The desire to attack people who are different is the central concern of the story, and as Rowling herself noted in her Twitter exchange:
It was true in the Potter books and it is true in life that talking will not change wilfully closed minds.
Rowling’s use of a fictional magician to articulate her political beliefs was considered by some to be “misguided” – particularly because, in some cases, fans considered her approach to be a misinterpretation of the spirit of the books. To which Rowling responded:
I can only say that a full discussion of morality within the series is impossible without examining Dumbledore’s actions, because he is the moral heart of the books. He did not consider all weapons equal and he was prepared, always, to go to the hilltop.
What we must remember when discussing the interpretive potential of Dumbledore and the Harry Potter franchise as a whole is that the books are more than just books. Hogwarts is not an object that people can examine objectively – every fan of the Harry Potters series has interpreted it in their own way, and often the way that it is interpreted can say more about the interpreter than it does about the story.
There are generally two ways that people tend to approach interpreting the Harry Potter universe: through the canon, which is all of Rowling’s writings and commentary, and extra-textual spaces such as Pottermore.com; or through “fanon”, which is how fans have developed the series through their discussions, fan-produced art and stories, and their “head canons” (or their personal interpretations of characters and events).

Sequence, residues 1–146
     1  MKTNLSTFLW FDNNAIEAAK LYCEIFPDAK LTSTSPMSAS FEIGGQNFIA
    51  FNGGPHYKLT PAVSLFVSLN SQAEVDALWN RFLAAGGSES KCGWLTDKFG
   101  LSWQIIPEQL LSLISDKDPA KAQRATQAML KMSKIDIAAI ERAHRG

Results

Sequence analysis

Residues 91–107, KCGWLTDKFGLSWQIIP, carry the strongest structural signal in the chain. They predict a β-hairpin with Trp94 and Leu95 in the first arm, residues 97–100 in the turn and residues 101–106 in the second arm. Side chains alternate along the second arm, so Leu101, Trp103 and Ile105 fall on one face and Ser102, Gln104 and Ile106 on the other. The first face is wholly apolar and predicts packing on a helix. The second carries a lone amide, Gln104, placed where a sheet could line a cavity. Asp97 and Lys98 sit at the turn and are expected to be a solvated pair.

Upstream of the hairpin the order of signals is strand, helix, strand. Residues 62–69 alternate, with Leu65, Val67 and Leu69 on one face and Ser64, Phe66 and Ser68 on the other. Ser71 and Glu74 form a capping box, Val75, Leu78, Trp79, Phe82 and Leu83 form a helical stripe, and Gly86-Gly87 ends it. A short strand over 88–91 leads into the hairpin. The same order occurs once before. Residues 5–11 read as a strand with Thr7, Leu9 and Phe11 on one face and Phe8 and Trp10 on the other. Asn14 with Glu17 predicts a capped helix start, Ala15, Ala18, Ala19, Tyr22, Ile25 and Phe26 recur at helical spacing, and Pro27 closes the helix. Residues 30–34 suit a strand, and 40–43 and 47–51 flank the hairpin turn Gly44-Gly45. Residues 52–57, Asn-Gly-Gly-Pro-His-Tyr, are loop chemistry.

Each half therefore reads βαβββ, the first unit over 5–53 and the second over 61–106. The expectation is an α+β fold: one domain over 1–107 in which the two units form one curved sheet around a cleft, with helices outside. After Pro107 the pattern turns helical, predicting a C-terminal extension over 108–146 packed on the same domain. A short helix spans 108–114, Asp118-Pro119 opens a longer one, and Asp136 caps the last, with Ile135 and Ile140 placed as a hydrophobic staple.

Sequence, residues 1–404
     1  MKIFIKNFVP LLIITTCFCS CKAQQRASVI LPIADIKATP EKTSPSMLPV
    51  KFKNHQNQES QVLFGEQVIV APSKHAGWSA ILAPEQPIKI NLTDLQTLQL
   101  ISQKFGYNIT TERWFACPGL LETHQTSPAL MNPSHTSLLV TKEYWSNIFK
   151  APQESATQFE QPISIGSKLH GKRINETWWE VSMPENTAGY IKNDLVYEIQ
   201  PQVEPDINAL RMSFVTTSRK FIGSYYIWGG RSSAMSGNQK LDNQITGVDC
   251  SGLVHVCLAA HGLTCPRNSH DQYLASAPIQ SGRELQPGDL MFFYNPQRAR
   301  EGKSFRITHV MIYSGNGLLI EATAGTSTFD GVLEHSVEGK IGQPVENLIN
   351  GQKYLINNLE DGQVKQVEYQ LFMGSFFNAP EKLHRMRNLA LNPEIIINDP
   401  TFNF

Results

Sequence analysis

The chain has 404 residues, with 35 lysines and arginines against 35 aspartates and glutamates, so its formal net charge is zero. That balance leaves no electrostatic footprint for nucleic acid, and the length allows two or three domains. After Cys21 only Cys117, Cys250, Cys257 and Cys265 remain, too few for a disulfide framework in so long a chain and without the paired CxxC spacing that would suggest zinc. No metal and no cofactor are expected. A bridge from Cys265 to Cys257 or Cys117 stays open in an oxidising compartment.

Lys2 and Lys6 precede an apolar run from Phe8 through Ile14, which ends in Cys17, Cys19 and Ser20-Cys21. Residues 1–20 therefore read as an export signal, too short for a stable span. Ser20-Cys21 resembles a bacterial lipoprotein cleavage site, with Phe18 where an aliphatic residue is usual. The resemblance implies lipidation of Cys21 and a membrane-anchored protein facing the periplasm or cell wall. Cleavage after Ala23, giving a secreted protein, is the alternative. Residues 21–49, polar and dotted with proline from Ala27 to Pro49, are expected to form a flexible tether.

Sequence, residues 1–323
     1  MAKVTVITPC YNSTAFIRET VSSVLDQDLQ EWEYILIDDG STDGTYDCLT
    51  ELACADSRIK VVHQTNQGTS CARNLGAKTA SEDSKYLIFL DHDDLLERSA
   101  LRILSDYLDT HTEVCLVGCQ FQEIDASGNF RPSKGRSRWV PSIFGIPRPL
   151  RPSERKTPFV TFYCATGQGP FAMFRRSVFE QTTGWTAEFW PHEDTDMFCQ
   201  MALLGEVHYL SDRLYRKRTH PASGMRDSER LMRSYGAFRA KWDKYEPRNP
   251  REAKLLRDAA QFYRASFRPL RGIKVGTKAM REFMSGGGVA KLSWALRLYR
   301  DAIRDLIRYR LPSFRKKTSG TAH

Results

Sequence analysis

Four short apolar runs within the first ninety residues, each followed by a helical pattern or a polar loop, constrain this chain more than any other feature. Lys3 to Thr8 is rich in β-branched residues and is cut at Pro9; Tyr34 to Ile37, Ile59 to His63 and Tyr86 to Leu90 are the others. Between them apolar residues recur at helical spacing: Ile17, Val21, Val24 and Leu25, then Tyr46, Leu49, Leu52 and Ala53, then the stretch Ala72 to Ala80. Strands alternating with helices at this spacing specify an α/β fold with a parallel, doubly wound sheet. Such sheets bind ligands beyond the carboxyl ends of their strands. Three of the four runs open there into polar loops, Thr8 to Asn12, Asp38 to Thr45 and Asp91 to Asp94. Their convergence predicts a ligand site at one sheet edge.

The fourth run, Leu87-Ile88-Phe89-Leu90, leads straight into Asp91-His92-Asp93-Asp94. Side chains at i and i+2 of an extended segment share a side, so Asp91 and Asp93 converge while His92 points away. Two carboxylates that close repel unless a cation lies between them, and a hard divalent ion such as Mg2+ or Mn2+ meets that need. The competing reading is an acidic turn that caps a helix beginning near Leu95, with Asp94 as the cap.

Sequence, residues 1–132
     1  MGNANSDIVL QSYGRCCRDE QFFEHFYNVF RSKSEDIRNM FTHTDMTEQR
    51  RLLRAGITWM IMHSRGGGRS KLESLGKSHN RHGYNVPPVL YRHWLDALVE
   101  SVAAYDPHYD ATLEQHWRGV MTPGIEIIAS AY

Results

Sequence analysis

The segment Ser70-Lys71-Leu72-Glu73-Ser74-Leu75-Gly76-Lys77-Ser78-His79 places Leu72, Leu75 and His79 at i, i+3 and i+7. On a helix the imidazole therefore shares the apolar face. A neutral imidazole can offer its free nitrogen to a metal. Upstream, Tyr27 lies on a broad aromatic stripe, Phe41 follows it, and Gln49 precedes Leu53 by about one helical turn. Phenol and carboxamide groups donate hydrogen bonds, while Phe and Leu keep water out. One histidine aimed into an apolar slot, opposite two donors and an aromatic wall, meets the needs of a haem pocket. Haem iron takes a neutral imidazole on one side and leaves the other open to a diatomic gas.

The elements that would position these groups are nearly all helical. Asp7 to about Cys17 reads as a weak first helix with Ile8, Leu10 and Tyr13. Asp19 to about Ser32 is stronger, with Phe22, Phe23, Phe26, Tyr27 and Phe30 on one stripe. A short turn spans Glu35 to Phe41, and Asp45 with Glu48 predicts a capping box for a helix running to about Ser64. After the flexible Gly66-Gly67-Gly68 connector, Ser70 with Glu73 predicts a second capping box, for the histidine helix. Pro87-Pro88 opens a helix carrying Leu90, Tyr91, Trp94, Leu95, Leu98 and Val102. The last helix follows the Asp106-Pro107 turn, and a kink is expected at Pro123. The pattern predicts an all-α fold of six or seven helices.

Fans have begun to approach Rowling’s extra-textual interpretations of the texts by examining them, deciding whether they fit into their overall interpretation of the work, and either incorporating or discarding them. Readers may embrace the ridiculously-named Fleamont Potter (Harry’s grandfather) but take issue with Rowling’s assertion that Remus Lupin never fell in love before he met Nymphadora Tonks (because many fans interpret him as bisexual, with a potential love interest in Sirius Black).
It is heartening to see Rowling acknowledge the fraught relationship between reader interpretation and authorial intent. In the response Rowling posted on Twitter, titled “Why Dumbledore went to the hilltop”, she wrote:
Sometimes the inner lives of characters as imagined by readers are not what I imagined for them, but the joy of books is that we all make our own mental cast […] All books dealing with morality can be picked apart for those lines and themes that best suit the arguer’s perspective.
There is a question of ownership at work here which will not be resolved through a social media exchange, but it is clear that while the author may have been revived the fans are not taking her words as gospel. At this point, Dumbledore is under the joint custody of JK Rowling and her legion of fans.
Jessica Seymour, Sessional Academic